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Severe acute respiratory syndrome (SARS) is a serious type of pneumonia brought about by a virus that was initially recognized in 2003. The Spike protein (S) is among of the four leading structural proteins present in SARS Associated Coronavirus. This paper seeks to explore the structure and point of entry of SARS virus.
Severe acute respiratory syndrome (SARS) is a serious type of pneumonia brought about by a virus that was initially recognized in 2003. SARS virus infection results to acute respiratory distress and in worse cases, this can lead to death.
Dr. Carlo Urbani of the World Health Organization recognized SARS in 2003 when he examined a businessman who traveled from China through Hong Kong and to Vietnam. Both the businessman and the doctor passed away from SARS. As rapid as its appearance, the virus also spread quickly. This has affected people in Asia, Europe, Australia, Africa, South America, and North America. Several schools in Singapore and Hong Kong closed. The World Health Organization recognized SARS as a threat to global health. The fast worldwide public health reaction assisted in stemming the spread of SARS. SARS is a result of the spread of the coronavirus.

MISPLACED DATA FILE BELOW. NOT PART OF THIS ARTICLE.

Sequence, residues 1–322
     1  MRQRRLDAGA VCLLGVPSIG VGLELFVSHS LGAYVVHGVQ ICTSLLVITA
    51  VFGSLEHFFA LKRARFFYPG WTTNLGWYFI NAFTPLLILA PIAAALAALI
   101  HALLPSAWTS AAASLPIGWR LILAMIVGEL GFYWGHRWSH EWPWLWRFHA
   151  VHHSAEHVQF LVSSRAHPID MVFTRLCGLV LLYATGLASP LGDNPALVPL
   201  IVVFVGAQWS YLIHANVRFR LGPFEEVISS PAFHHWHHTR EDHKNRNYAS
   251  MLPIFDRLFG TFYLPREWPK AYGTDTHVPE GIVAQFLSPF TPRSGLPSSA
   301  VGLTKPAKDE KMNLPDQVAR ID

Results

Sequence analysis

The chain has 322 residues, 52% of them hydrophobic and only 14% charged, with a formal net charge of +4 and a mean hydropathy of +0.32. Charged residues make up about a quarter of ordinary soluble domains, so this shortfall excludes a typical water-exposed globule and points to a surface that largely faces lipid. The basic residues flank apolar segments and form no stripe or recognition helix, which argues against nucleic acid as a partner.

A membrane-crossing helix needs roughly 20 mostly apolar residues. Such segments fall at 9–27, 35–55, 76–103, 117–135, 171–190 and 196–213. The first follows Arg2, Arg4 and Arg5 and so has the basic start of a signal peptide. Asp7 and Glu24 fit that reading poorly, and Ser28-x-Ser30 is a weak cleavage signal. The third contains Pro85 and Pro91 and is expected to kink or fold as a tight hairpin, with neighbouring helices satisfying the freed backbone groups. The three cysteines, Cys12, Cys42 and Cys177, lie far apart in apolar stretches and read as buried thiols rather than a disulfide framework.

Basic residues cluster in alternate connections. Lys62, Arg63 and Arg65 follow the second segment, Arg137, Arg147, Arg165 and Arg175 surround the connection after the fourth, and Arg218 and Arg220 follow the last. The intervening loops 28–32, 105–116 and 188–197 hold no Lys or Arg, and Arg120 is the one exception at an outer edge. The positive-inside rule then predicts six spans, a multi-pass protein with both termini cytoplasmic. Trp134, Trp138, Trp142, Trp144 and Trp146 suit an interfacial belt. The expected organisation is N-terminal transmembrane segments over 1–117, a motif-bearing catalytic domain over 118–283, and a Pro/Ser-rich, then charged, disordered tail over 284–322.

The Spike protein (S) is among of the four leading structural proteins present in SARS Associated Coronavirus ( 2013). S proteins are integrated to the viral envelope. This protein contains 1255 amino acids. Because of the low resemblance of amino acid series, this postulates that S protein of SARS-CoV has added functions aside from the usual functions. The carboxyl terminus is made up of the transmembrane region as well as the cytoplasmic tail. The tail is cysteine rich. The transmembrane area and cytoplasmic tail are merely 52 amino acids long. The extracellular area of the Spike protein is made up of two heptad areas ( 2013). These areas are known as HR1 or the heptad repeat region 1 and HR2 or the heptad repeat region 2, or HR-N as well as HR-C to signify the nearby terminus to the heptad region. HR1 and HR2 are divided by 140 amino acids known as the interhelical domain ( 2013). The two heptad regions can create a six helix bundle made up of three helices from heptad repeat region 1 that run anti-parallel to three helices from heptad repeat region 2.